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Author: Subject: Retrofinkelstein reaction (baseless inquiry)
Opylation
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[*] posted on 2-6-2021 at 23:59
Retrofinkelstein reaction (baseless inquiry)


So, let me start this by saying my mind wonders when thinking of solutions to unasked questions. I was trying to find an easy way to form dichloroethane (I know, ethylene and chlorine) without all the hassle of using gaseous reagents and quickly crossed off any sort of coupling reaction with chloroform. I know it may be tremendously easier to just purchase the solvent outright but where is the fun in that. Also, I find it difficult to justify spending $75 (with shipping and hazards fees) to purchase 500ml, which could be chalked up to being a cheap bastard. So I decided to scour the interwebs for an alternate solution and came across the undergraduate lab of testing for alkenes. You know, the dehydration of ethanol to ethylene and then testing your gas with aqueous bromine/iodine. Well I happen to have about a liter of saturated aqueous iodine, from when I made elemental iodine, that's been collecting dust for quite some time that I thought could be put to use. So that got me to thinking, maybe I could bubble ethylene through that and make diiodoethane. Beyond that I got to thinking how I could go about using diiodoethane to make dichloroethane.

I found an interesting paper on the reverse Finkelstein reaction of aromatic rings and they cited Cupric Halides as their reagent. They used some novel solvent 1-Butyl-3-methylimidazolium halide which I can go out on a limb and say is not readily accessible. Also, being that the paper is specifically regarding aromatic rings, this doesn't help me. But, I was thinking back to the Finkelstein reaction and its use of mass action to forward the reaction. Curiously, Cuprous Iodide is insoluble in dilute acids and barely soluble in plain water. Also, Cupric Iodide is not an ionic compound, or at least one that is prepared easily at STP.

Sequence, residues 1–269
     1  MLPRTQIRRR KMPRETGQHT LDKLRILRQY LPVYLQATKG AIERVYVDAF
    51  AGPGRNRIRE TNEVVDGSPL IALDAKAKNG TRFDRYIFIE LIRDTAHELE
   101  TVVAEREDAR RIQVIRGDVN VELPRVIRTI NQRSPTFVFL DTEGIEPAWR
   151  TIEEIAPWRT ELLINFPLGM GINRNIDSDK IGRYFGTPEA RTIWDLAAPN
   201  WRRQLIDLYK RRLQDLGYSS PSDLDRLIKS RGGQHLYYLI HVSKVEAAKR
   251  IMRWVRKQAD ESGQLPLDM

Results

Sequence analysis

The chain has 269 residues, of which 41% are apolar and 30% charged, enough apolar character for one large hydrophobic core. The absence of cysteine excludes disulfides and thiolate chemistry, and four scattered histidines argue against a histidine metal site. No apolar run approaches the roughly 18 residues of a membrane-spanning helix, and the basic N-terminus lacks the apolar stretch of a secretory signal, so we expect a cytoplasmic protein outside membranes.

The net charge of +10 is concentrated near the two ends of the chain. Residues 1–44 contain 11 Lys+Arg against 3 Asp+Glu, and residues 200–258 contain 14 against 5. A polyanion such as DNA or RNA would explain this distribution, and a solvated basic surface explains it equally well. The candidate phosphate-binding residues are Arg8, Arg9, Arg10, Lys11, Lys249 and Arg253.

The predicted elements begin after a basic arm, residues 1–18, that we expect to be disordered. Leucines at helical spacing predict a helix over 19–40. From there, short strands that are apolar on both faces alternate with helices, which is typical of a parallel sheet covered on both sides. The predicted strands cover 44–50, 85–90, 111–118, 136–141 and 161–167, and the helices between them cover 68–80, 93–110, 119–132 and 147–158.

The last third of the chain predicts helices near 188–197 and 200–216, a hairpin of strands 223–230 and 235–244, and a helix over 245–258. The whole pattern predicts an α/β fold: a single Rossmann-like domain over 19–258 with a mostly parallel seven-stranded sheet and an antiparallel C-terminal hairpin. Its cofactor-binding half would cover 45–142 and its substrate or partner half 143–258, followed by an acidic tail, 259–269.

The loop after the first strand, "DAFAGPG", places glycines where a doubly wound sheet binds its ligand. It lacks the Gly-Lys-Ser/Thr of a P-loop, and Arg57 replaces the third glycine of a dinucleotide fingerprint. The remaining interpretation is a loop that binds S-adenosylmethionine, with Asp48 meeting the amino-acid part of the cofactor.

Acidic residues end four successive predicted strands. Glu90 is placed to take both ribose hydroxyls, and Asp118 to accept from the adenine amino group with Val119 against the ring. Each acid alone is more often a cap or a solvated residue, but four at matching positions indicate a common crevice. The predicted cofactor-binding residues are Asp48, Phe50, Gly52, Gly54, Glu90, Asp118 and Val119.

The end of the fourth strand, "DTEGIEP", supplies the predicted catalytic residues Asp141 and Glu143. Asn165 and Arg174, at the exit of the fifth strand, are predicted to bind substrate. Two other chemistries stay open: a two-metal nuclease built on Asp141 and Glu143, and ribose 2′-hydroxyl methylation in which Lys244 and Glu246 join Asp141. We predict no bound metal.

I am curious as to whether a reaction of aliphatic alkyl iodides could be used, with CuCl2 in HCl acid, in a reverse Finkelstein reaction. Refluxing the aliphatic alkyl iodide with CuCl2 in hydrochloric acid would, if there was a reaction, produce CuI, which in turn would precipitate out of solution. Kind of like the Finkelstein reaction. Again, just like my subject states, this is a baseless inquiry with no examples or evidence to go on. Just curious as to what insight you all may provide me
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draculic acid69
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[*] posted on 3-6-2021 at 01:01


1,1 Dichloroethane or 1,2dichloroethane?
1,2dce could be made from ethylene glycol and zncl+HCL.

Also I've been wondering if the ene+ HCL rxn can be done
by bubbling the ene thru aqueous HCL or if it needs to be gas phase
or high temps or can it be done at room temperature. Cylinders of propylene
and liters of HCL are otc
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[*] posted on 3-6-2021 at 01:33


I was referring to 1.2-dichloroethane. I was under the impression that ethylene glycol + HCl makes ethylene chlorohydrin, but then again, I also thought that was without ZnCl2. Interesting then, that would be way easier. I have a decent amount of distilled ethylene glycol I can put to use. As a side note, that stuff is a pain to distill from antifreeze. I’ve had it bump up through a Vigreaux column into the receiving flask. Now that you mention it though, I think I’ve read something about ZnCl2 and HCl. I’m not sure if I’m mixing up my reactions but if I remember correctly it has to be concentrated HCl and ZnCl2. Ah, a brief search shows you’re talking about the Lucas reaction. That goes to show I’ll overcomplicate anything haha

Edit: changed oversimplify to overcomplicate. Wrote this as I was going to bed... major durp

[Edited on 3-6-2021 by Opylation]
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draculic acid69
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[*] posted on 4-6-2021 at 01:47


Maybe your right about the chlorohydrin thing I was just generalising that OH groups+HCL W/zncl should give the halide in theory. Definitely research it a bit more before taking my word for it. Just bcoz it works with ethanol doesn't guarantee that the glycol will behave the same. Having those two hydroxyls next to each other
makes things more complicated.
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